Of all the days to record your first clunker in the Major Leagues, Anthony Ranaudo picked his 25th birthday. After allowing at least 4 runs in 5 innings in his previous 5 starts, the right-hander lasted just 3.1 innings before being lifted from Tuesday’s game. After walking the first batter of the game, Ranaudo served […]
Brett flies around once more with the winged things!
*IF* the Red Sox make the playoffs this year what teams do they want to face, and what teams would it be better to avoid?
Just some things for you to think about, y’know.
Brett doesn’t enjoy being an ornithologist, but he’ll look at the Orioles anyway.
Brett goes from one end of the animal kingdom to the other and does some birdwatching.
The Advanced Scout grabs his traditional Opening Day sausage and onions with mustard before analyzing the Baltimore Orioles
The Advanced Scout cries in his beer while analyzing the Baltimore Orioles
The Advanced Scout gets ready for a Ron Swanson dinner and analyzes the Baltimore Orioles
The Advanced Scout has a heavy heart as he analyzes the Baltimore Orioles
The Boston Red Sox will hit the road once again to try to gain some ground in the AL East against the basement occupying Baltimore Orioles.
Starting this season, the Orioles will be one of the more interesting teams in the division for what should be the better part of the decade. The top of the minors are awash with upper echelon pitching prospects (Brian Matusz, Chris Tillman, Jake Arrieta) to go along with plenty of reinforcements in the low minors. The lineup card is stocked with building blocks that are either locked up long-term (Nick Markakis) or have just started their arbitration clock (Matt Wieters, Adam Jones, Nolan Reimold).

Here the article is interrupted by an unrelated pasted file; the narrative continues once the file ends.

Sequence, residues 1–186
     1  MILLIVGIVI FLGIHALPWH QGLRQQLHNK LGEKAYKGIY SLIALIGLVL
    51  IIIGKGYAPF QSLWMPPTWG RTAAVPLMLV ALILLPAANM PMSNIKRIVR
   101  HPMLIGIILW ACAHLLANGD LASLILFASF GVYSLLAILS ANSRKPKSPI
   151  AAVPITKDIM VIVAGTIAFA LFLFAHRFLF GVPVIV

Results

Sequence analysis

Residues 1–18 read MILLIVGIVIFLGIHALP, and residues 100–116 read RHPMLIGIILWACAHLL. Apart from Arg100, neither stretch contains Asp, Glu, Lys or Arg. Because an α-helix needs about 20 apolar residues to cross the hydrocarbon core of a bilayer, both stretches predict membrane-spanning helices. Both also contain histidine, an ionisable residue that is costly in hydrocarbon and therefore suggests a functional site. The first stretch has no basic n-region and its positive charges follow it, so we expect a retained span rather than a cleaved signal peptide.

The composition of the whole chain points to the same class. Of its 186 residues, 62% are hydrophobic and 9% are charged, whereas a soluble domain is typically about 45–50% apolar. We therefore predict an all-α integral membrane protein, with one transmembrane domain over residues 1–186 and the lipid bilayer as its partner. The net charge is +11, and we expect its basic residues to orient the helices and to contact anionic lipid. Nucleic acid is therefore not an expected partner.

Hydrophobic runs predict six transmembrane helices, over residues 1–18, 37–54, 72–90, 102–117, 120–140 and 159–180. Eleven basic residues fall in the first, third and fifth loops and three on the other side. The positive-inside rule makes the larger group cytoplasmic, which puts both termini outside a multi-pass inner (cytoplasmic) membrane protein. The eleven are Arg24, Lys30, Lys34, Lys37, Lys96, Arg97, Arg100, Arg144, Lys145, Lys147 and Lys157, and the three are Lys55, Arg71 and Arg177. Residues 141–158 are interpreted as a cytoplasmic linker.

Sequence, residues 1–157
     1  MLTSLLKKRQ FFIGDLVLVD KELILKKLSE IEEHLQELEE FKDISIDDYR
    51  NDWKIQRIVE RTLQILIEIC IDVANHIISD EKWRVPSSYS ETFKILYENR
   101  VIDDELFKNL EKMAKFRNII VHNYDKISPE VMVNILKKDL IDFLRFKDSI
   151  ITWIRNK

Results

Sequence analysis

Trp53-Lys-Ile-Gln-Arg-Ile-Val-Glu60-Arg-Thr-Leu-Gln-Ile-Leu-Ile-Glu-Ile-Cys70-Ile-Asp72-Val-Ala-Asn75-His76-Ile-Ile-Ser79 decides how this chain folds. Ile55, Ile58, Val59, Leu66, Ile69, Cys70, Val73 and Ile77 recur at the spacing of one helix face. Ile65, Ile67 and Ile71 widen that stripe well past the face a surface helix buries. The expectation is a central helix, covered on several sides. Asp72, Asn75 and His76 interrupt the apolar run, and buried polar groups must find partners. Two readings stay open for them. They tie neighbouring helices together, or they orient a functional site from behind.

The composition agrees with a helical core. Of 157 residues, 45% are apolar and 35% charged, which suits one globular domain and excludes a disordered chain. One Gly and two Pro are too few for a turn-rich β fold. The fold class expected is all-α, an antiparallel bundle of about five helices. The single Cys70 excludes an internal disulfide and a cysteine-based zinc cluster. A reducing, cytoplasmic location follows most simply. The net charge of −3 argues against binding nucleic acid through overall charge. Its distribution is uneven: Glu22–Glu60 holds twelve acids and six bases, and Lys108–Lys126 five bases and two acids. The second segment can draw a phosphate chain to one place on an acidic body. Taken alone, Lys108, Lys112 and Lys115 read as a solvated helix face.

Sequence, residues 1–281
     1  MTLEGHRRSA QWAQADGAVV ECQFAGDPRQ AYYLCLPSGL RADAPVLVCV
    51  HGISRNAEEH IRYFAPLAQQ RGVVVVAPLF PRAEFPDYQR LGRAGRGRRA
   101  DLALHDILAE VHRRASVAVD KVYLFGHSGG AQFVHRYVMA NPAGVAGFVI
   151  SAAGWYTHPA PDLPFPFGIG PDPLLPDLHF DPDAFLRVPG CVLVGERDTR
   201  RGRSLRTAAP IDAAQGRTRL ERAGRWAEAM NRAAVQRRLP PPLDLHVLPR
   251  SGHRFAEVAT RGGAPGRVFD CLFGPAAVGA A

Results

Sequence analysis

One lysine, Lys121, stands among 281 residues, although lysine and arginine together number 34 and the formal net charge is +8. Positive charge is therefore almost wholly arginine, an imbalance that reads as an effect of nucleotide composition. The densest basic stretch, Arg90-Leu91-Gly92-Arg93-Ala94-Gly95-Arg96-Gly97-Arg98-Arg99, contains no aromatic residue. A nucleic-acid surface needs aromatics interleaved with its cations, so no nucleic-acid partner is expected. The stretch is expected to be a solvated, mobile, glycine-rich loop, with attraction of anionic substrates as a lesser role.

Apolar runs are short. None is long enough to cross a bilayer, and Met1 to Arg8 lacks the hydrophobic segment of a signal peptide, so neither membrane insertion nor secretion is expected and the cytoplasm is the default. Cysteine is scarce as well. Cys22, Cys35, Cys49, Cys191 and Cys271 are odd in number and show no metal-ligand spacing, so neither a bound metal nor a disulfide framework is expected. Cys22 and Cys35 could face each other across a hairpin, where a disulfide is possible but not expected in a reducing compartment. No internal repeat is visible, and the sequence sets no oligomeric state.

While the 2010 season may not be the year of the Oriole, it will be a significant landmark in the progress of the club. The team is not expected to “compete” in the classical sense, in that they will still likely finish either fourth or fifth behind the Sox, Rays, and Yanks. Yet, the team could, with a couple of breaks in the right direction, finish with a .500 record – the first time Baltimore has done so since 1997.
Now, on to the sleepers:
C Matt Wieters: This one should come as no surprise. Coming into 2009, Wieters was at the top of nearly every meaningful prospect list known to man. Switch-hitting catchers with the plate discipline, power, AND defensive capabilities of a Matt Wieters come around once in a generation. Accordingly, he was expected to perform much better than he ultimately did, .288/.340/.412. Even the perennially underwhelming and modest PECOTA projections pegged Wieters to hit 30 home runs…